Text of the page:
Director Danny Boyle (photo at right) had produced a number of successful films in the past but in this new film, Slumdog Millionaire, he has certainly produced one of the truly best films of 2008. Slumdog Millionaire is truly a beautiful and dazzling film. The actors and actresses are all Indian but 90% of the film is in English with some subscripts for a few hindi portions.
Slumdog Millionaire powerfully deals with subjects like racism, jealousy, child exploitation and brutal conditions in the worst slums of the world and yet it manages to wonderfully entertain you. The end result is a fantastic love story. And Slumdog Millionaire could even help Hollywood learn a thing or two about how to tell a really great love story without all the sexual material placed at the center of the story. In typical Indian fashion the last scene has the two lovers beginning a kiss right when the story ends, thus leaving the physical passion to your imagination, a technique lost on modern filmmakers on the whole.
Based on a popular novel written by Vikas Swarup the movie portrays the story of an Indian teenager named Jamal Malik. Malik is on the verge of becoming a big-winner on the Hindi version of "Who Wants to Be a Millionaire?" Jamal undertakes this amazing effort to win, as the viewer discovers toward the end of the film, more for the sake of finding his sweetheart Latika, than for the importance of the money itself. This premise makes the film a moving love story and a serious drama. The film even employs an appropriate use of humor now and then. What else can you ask for in a major motion picture?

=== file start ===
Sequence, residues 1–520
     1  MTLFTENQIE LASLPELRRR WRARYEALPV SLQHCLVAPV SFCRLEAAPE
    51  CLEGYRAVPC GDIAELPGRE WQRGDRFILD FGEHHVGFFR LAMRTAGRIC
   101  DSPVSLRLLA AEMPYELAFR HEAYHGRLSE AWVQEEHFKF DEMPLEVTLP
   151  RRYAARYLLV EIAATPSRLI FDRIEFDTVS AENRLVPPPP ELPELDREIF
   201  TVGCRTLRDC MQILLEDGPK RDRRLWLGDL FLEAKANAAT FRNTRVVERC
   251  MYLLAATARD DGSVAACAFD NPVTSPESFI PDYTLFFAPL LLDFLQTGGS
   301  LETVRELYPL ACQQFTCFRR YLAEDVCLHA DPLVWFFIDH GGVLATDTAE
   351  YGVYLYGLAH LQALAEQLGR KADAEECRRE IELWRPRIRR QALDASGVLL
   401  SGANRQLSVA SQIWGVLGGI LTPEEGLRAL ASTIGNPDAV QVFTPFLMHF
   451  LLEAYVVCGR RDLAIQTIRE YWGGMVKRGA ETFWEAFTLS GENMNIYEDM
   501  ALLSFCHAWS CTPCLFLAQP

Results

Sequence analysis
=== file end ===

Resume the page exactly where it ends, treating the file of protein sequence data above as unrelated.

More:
A "slumdog" is the term for an orphan who survives in the slums of Mumbai, one if India's great cities. Having been to Mumbai twice in the 1980s I can assure you that the story of Jamal, and the context in which he becomes orphaned and raises himself along with his brother, is all too true.
In the story Jamal is within one question of winning 20 million rupees but the show breaks for the night. Jamal is taken by authorities who are intent on breaking him through torture in order to prove that there is no ordinary way he could be answering the questions put to him without help or a form of cheating. The answers to how he solves each question on the program are then unfolded to the viewer by means of "flashbacks" which take you back to Jamal's childhood and the story of his growing up in the slums. Soon you learn that Jamal coped with many problems, including gangs, slave traders and various elements of the underworld that threatened him at every turn. You also learn of how Jamal's brother took a tragically different direction with his life. But the one constant for Jamal is his love for Latika, whom he is determined to find after he has lost her. (Latika and Jamal met in the slums and helped to protect each other as they were growing up.)